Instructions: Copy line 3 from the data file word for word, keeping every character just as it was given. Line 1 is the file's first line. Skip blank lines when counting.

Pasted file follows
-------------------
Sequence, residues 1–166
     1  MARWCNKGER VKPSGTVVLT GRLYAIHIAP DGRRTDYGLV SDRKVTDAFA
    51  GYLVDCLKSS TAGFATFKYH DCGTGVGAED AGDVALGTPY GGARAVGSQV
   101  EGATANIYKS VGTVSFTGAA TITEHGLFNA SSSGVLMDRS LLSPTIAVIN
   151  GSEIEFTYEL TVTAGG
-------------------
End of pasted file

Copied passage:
    51  GYLVDCLKSS TAGFATFKYH DCGTGVGAED AGDVALGTPY GGARAVGSQV